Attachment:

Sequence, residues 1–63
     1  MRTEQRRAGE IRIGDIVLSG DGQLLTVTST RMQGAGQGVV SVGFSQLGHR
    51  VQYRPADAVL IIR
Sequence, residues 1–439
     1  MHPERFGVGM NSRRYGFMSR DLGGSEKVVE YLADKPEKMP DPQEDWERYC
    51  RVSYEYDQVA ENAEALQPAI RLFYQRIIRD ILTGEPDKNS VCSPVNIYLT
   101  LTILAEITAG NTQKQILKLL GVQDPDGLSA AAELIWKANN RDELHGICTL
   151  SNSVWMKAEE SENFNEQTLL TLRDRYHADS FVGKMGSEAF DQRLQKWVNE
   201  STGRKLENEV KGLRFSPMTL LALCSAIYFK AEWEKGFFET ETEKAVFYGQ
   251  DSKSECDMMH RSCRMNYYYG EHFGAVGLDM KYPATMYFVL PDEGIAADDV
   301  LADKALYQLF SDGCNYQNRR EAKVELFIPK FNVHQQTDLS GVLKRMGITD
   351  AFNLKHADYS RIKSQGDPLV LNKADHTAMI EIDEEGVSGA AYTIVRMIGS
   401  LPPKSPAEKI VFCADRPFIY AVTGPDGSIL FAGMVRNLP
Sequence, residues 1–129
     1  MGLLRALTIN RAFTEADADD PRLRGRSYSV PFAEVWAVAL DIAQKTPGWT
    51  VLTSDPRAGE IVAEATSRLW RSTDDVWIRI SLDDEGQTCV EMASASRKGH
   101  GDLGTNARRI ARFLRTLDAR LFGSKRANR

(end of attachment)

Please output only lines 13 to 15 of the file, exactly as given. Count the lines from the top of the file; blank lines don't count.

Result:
   401  LPPKSPAEKI VFCADRPFIY AVTGPDGSIL FAGMVRNLP
Sequence, residues 1–129
     1  MGLLRALTIN RAFTEADADD PRLRGRSYSV PFAEVWAVAL DIAQKTPGWT